Healthcare. If ever there were an area where America needs a different mindset it is healthcare. This post will focus on two areas: 1) how government administered health insurance can be more cost effective than for-profit private health insurance; and 2) that there are perverse financial incentives inherent in our current system which do not necessarily promote healthier outcomes.
Ever since the ascendancy of conservatism and the election of Ronald Reagan we have been told that government is the problem and the free-market is the solution. If nothing else, the Bush Administration has turned that paradigm on it’s head. Bush campaigned for small government, but what he delivered was bad governance. I suppose it was inevitable that if you hold the idea of governing in contempt, you will govern poorly.
This “government bad, free-market good” mindset must change if we are to make any progress regarding the woeful state of healthcare. Two stories in the news last week perfectly illustrated the perils inherent in our free-market healthcare system.
The first one is straightforward. The Medicare plans administered by private insurance companies are performing both poorly and expensively. Courtesy of the New York Times, the details are here. On average, these private plans cost taxpayers 19% more than the traditional Medicare plan. Medicare recipients of the private plans were worse off, too, with higher out-of-pocket expenses and fewer doctors to choose from. All in all, a disaster. And not an insignificant one either, since almost one fifth of the 43 million Medicare beneficiaries are in a private plan. Here is real world evidence that the government system (with 2%administrative expenses) outperforms the free-market (with for-profit private insurance administrative expenses 20- 30%).
The second story has to do with the perverse financial incentives which are inevitable in our system. Read the story here. Cancer and kidney doctors received, legally, millions of dollars from the two pharmaceutical companies which make injectable medications to treat anemia. The perversion is that the more medication the doctors prescribed, the more money they received. Nowhere in this financial equation are healthy outcomes even measured, much less rewarded. Inevitably, it appears that in some practices the medications were overprescribed and may have actually adversely affected the patient’s health. As always, the pharmaceutical companies laugh all the way to the bank.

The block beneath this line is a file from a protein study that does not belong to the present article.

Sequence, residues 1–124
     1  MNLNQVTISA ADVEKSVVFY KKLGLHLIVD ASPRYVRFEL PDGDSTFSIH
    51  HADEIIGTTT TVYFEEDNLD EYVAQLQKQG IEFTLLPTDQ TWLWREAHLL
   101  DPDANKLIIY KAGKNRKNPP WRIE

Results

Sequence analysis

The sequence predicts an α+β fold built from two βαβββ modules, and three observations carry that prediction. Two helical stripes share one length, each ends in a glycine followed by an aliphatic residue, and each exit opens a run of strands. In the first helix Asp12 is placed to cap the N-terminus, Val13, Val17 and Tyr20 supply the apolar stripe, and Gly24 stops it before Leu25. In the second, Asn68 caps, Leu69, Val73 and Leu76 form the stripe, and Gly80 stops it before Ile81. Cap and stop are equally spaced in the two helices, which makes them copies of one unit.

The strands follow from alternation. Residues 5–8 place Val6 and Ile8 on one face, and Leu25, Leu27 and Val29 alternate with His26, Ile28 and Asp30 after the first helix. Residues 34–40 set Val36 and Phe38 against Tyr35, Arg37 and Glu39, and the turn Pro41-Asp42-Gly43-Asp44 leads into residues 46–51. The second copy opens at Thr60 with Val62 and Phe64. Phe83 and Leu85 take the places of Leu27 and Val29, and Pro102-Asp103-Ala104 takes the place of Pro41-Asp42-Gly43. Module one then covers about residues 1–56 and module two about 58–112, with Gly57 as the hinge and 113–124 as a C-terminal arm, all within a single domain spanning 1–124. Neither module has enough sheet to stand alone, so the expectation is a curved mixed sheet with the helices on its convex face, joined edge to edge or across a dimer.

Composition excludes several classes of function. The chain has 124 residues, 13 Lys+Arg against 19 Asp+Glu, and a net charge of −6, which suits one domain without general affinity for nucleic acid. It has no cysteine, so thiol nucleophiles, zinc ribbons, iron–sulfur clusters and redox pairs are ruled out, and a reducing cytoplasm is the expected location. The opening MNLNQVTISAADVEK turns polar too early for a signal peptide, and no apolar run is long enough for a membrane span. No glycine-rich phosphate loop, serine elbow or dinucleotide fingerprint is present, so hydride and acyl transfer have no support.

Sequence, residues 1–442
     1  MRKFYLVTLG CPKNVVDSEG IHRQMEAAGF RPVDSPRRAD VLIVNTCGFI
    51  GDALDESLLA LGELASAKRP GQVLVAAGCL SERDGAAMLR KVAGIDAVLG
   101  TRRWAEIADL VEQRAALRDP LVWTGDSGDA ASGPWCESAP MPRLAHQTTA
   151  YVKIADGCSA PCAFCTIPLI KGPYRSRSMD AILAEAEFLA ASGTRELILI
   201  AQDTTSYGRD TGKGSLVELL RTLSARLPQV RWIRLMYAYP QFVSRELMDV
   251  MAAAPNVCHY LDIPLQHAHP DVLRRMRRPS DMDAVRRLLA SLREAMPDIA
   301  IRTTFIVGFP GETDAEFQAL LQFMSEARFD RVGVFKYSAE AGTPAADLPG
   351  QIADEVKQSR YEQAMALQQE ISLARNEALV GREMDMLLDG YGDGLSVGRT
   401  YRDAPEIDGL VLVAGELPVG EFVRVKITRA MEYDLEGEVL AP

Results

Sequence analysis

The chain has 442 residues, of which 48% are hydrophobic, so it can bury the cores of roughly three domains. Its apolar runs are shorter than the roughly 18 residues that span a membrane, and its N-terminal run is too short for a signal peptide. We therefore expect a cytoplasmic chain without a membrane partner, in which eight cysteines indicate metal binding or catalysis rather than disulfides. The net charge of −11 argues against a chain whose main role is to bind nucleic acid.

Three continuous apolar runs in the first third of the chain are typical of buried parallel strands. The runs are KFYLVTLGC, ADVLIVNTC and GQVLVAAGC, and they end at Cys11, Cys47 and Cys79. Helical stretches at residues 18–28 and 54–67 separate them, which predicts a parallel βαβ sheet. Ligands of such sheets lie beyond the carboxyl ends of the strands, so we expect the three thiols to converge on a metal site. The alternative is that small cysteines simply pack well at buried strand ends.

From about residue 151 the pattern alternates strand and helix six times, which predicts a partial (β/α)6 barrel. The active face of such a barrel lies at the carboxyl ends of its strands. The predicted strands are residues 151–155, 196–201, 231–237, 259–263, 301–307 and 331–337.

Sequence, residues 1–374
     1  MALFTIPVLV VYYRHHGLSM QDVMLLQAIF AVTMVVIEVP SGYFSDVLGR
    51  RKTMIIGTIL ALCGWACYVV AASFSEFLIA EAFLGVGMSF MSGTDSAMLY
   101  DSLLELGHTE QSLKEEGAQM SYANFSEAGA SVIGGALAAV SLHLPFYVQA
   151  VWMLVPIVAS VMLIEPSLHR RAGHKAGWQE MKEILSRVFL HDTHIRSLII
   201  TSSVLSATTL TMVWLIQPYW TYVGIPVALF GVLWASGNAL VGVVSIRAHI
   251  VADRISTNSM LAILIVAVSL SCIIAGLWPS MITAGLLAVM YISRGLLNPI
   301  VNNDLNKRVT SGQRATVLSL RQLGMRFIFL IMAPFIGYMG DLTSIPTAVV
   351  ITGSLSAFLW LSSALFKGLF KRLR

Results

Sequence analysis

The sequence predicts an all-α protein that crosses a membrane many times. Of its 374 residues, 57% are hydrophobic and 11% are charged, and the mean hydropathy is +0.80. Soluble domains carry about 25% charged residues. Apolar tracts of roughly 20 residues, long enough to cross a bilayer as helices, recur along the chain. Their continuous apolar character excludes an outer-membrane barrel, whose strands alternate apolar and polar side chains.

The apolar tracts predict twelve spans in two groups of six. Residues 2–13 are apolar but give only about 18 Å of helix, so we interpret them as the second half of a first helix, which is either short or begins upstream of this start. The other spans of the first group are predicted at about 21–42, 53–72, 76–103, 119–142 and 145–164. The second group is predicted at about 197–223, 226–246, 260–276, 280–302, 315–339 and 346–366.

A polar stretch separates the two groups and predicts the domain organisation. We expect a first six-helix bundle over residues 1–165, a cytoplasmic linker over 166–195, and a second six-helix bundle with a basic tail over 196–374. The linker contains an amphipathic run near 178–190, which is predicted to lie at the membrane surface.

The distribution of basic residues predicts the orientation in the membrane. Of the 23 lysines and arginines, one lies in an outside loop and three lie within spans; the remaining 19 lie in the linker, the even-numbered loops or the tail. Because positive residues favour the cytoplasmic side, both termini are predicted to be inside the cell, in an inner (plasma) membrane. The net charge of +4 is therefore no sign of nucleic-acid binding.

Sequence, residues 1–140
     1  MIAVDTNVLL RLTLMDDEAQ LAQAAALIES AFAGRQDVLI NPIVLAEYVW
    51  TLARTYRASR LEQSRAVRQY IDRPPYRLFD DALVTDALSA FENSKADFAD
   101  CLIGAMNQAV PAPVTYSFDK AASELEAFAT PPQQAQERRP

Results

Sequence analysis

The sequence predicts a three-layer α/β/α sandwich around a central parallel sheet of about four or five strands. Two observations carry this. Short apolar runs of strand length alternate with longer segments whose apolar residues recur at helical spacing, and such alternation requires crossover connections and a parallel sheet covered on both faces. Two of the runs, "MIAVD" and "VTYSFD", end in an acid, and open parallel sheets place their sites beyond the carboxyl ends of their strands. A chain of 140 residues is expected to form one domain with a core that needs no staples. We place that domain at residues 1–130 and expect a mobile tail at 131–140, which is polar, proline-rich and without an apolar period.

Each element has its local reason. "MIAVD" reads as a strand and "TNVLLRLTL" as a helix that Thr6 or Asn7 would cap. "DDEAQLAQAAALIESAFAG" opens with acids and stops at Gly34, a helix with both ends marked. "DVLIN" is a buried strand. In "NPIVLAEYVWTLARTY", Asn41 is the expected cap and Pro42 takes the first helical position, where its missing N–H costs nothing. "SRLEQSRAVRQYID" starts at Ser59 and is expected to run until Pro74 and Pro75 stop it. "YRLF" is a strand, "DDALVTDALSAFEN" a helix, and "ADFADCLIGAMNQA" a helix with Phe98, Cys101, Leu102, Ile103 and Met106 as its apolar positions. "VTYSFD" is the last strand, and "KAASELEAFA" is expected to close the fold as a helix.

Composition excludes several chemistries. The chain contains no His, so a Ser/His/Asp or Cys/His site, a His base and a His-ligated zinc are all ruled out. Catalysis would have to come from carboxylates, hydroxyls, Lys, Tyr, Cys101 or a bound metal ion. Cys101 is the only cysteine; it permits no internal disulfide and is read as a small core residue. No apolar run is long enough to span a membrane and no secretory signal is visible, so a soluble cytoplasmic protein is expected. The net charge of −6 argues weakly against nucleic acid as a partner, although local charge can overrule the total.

Herein lies one of the dirty, little secrets of medicine. In every medical specialty (including my own, Internal Medicine) with every patient encounter your doctor is faced with a series of questionable financial incentives. There are many temptations to provide more care; few incentives to provide better care. Mostly, my colleagues behave in a professional manner and these two positions are not mutually exclusive (i.e. often, more care is better care). Not uncommonly, however, the doctor succumbs to temptation. Like an unscrupulous stockbroker churning accounts in his portfolio, doctors will order tests, procedures, or treatments which provide financial gain but may not advance health outcomes.
Believe me when I tell you that it is a slippery slope to provide thorough care that is cost efficient, all the while practicing “defensively” so as to reduce your risk from lawsuits. These are the calculations going on inside your doctor’s head while you describe your symptoms. Not a pretty picture, is it?
So what we have is a very costly, inefficient healthcare system; with perverse financial incentives that do not always improve health outcomes. We need to make fundamental changes. I believe a national government health insurance is the best vehicle to trigger the necessary changes. We need a system that promotes and rewards healthier outcomes, especially those based on the best available medical evidence.
Addendum: This won’t be popular on these pages, but a simple “Medicare-for-all” approach may not be financially viable given the poor reimbursement to physicians and hospitals. I’ll post soon on Medical Economics 101 and you will realize why healthcare reform is such a many-headed monster.
Addendum 2: I would be remiss if I did not mention that the longer I look at the Edwards healthcare plan, the more I like it. It’s most clever feature is that it allows a government program to compete against the private insurance programs. For those who believe we must ease incrementally into a universal government insurance, Edwards’ plan has a mechanism whereby this can be done.